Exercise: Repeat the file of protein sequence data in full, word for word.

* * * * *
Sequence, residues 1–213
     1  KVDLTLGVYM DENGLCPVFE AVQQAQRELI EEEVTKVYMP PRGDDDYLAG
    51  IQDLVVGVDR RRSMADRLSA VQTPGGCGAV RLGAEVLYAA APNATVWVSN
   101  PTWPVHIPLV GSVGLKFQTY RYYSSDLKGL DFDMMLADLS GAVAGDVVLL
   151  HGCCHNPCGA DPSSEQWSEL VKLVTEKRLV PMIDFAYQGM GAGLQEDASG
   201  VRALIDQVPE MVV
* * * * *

Sequence, residues 1–213
     1  KVDLTLGVYM DENGLCPVFE AVQQAQRELI EEEVTKVYMP PRGDDDYLAG
    51  IQDLVVGVDR RRSMADRLSA VQTPGGCGAV RLGAEVLYAA APNATVWVSN
   101  PTWPVHIPLV GSVGLKFQTY RYYSSDLKGL DFDMMLADLS GAVAGDVVLL
   151  HGCCHNPCGA DPSSEQWSEL VKLVTEKRLV PMIDFAYQGM GAGLQEDASG
   201  VRALIDQVPE MVV